On a recent weekday, a truck packed with explosives blew up in a crowded market in Iraq’s capital, Baghdad, killing dozens and wounding hundreds.
It’s been 12 years since the U.S. went to war there and four years since the last of our troops left.
The United Nations says the scale of people displaced by Islamic State attacks has put Iraq on the brink of catastrophe. Former Florida governor and current presidential candidate Jeb Bush says going there in the first place (a decision made by his brother George W. Bush) was a mistake. Critics of President Barack Obama say we should have stayed and wiped out the Islamic State.
But Iraq War veteran Rick Burns says rather than belabor what we should have done, we should do more to help Iraqis and Afghans rebuild their lives.
It has been four years since the 54-year-old U.S. Army reservist, born in Tennessee, raised in Mississippi, educated at Utah’s Brigham Young University, and now settled in Iowa, completed the last of three tours in Iraq and Afghanistan. But he can’t — he won’t — let it go.
A friend of his, a Vietnam vet, suggested he get checked for post-traumatic stress disorder. But trauma isn’t at the root of Burns’ obsession. He feels a personal responsibility knowing 8.6 million Iraqis need immediate humanitarian assistance and about 3 million are displaced.
“And 40-plus percent are children,” he says.
As a civil affairs officer for the Army, the lieutenant colonel “was not out kicking doors down but trying to solve civilians’ problems.” And as a civilian, he still is. After retiring from the military, Burns started a nonprofit organization called The Karadah Project, named for an Iraqi district where an Army friend of his set up a district council in 2003. Burns served as his brigade’s liaison to the council. Later, he organized a sister city partnership between the region and Council Bluffs, Iowa.
The Karadah Project collaborated with three other nonprofits started by U.S. veterans in a venture called Soccer Salam, which has the simple objective of getting soccer equipment to Iraqi kids to distract them from war. But the project is increasingly also trying to respond to Iraq’s humanitarian crisis. It raised more than $30,000, and with the funds, delivered soccer balls, blankets, sleeping bags, food, water tanks and medicine for fleeing families. Recently it raised another $20,000 for sanitary facilities like toilets and showers. And it continues its appeal for help.
These needs are a far cry from Burns’ “perfect childhood” in small-town Mississippi. As a Mormon, he went on a mission in Denmark, later in life moving with his wife to Elk Horn, Iowa, to apply his Danish language skills to running a Danish museum there.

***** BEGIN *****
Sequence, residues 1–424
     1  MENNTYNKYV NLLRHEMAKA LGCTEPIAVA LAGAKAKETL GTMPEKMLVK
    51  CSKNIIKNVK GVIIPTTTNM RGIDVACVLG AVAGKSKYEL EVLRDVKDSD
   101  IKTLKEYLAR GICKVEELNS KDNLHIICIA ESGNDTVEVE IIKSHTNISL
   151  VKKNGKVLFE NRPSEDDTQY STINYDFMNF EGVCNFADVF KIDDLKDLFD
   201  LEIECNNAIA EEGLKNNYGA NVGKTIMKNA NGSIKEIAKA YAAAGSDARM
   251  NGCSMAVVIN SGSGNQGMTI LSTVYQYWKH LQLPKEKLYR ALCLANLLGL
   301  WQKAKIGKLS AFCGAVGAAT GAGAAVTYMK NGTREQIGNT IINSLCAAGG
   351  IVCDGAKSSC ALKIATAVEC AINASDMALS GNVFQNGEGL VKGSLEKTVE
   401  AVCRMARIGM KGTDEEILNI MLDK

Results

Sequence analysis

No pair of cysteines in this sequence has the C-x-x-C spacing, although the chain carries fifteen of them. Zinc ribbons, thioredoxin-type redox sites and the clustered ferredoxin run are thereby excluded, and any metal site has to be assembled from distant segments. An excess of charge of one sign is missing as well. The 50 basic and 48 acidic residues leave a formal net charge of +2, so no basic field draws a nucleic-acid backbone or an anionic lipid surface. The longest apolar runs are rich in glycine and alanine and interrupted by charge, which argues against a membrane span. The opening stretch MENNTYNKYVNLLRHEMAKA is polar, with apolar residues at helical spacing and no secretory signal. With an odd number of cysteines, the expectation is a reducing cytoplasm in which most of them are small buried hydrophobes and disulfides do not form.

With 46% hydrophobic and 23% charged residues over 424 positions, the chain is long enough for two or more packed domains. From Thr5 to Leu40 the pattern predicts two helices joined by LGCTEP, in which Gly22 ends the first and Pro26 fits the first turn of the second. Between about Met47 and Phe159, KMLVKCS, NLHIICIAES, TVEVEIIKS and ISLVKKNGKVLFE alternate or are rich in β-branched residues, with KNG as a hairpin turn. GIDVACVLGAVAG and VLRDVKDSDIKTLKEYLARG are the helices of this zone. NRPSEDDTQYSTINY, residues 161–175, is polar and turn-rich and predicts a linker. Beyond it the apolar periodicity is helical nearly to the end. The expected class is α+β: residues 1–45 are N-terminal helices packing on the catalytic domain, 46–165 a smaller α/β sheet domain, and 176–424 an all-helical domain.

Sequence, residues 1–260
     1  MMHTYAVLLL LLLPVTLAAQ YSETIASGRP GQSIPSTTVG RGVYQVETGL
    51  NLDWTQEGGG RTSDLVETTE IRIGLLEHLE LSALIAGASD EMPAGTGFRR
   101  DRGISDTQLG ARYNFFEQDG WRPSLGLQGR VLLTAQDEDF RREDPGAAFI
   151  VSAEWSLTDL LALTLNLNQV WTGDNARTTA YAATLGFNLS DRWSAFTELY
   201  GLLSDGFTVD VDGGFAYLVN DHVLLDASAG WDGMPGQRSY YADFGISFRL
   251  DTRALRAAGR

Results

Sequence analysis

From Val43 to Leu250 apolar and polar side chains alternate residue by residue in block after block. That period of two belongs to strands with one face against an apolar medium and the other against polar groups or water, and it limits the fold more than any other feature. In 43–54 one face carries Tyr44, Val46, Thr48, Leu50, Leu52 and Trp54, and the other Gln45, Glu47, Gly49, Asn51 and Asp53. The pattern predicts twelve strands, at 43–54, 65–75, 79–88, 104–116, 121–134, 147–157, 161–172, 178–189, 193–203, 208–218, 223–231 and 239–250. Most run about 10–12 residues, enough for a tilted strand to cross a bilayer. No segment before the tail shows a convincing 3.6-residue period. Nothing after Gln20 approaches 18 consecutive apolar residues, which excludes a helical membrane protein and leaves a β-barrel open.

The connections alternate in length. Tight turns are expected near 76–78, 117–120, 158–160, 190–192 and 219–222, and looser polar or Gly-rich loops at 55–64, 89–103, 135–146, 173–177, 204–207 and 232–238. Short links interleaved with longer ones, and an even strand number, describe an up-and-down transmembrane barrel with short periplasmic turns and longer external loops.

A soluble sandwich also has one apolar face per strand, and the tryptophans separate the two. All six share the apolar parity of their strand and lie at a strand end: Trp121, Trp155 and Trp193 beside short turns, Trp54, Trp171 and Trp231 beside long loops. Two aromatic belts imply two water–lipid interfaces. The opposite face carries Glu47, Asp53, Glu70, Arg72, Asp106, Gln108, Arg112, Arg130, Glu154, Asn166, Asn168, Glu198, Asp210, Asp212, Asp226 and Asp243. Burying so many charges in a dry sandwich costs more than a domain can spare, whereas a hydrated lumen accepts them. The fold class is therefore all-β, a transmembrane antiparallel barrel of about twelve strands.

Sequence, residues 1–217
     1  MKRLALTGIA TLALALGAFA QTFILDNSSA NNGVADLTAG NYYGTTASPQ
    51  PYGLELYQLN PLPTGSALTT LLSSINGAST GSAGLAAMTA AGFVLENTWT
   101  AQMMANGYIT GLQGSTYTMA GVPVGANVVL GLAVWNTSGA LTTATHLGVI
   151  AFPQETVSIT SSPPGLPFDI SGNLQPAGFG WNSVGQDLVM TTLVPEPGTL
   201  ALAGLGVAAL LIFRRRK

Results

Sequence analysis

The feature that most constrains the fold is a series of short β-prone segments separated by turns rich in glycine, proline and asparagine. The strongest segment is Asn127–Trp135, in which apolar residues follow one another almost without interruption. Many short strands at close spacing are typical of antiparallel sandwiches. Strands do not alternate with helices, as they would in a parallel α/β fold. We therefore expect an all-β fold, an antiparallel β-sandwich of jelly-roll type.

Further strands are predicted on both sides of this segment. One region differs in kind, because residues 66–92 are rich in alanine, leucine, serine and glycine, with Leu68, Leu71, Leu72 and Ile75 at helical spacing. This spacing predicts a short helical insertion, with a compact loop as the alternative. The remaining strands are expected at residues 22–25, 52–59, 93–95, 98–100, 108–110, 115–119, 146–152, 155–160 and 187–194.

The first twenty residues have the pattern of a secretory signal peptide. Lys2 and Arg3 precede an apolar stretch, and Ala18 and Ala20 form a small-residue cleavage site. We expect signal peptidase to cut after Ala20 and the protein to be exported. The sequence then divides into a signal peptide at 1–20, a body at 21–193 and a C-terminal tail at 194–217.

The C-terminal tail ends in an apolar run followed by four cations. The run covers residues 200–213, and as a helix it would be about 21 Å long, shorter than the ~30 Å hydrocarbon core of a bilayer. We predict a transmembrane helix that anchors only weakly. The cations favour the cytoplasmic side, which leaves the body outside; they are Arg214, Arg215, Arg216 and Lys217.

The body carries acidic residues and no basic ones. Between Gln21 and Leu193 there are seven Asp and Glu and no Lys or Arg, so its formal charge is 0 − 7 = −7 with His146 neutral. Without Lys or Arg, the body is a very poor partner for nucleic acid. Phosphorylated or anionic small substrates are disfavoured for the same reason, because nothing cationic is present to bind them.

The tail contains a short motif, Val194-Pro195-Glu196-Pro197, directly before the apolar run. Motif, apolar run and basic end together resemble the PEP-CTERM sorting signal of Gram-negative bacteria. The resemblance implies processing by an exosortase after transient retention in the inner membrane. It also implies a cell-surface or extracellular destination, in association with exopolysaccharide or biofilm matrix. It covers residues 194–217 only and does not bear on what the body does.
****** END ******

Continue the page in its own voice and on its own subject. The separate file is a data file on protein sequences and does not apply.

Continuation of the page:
Goats weren’t in his background, either. But with Afghan women in mind, his nonprofit last year founded Goats for Afghan Villages. They give two goats apiece to the women of a village, who raise them and use the milk and cheese to feed their families and to sell. They can also sell the offspring.
With donations of $25 or $50, Burns raised $15,000. Last year, that paid for goats for 15 families and 10 for a local women’s foundation, which donates the offspring to others. It also provides the training, vaccinations and milk-processing equipment. Now there are well over 100 goats, says Burns, and they’ve added a second village to the program.
If you ask why he stays so connected to countries he no longer has to serve in, he says, “It’s the people I met over there. Iraq is not a macro thing anymore. It’s very micro.” Pressed, he observes, “The contradictions and the inhumanity of war cause different reactions, both for civilians caught in the middle and those sent to fight. Some leave the experience bitter and battered while others see opportunities to bring something positive from the experience.”
Burns commutes to Leavenworth, Kan., for work researching threats to the U.S. Army. He has honed a talent for bringing people together, getting the Kiwanis Club to partner with Sister City International and raising money from Rotary International. He created an Iraq-Afghanistan conference in Elk Horn, brought Iraqi artisans together with American marketing experts and built a partnership between the dental schools of Creighton University and Iraq’s Baghdad universities.
He says he’s awed by the resilience of the Iraqis and heralds the cooperation between the Shia and Sunni Muslim sects whose religious differences have been exploited by terrorists and dictators alike. “I’ve heard wonderful stories about Shia taking in Sunnis,” he said.
We don’t hear enough of those stories. We hear more about troop abuses of detainees than about veteran-led work in countries where they served, though Burns says there is plenty.
“When you take young kids and put them in a foreign environment, it’s tough on them. They start blaming the wrong people,” he said. But also, “Something happens when people are brought together in a war.… For some of us, we feel the pain of continued conflict, instability, and insecurity in the lives of friends we left behind and who continue to make their communities better.”
So from a distance, veterans like Burns do their part, showing the best engagement comes not from the bullet or the bomb but from the heart.
Rekha Basu is a columnist for The Des Moines Register. Reach her at email@example.com.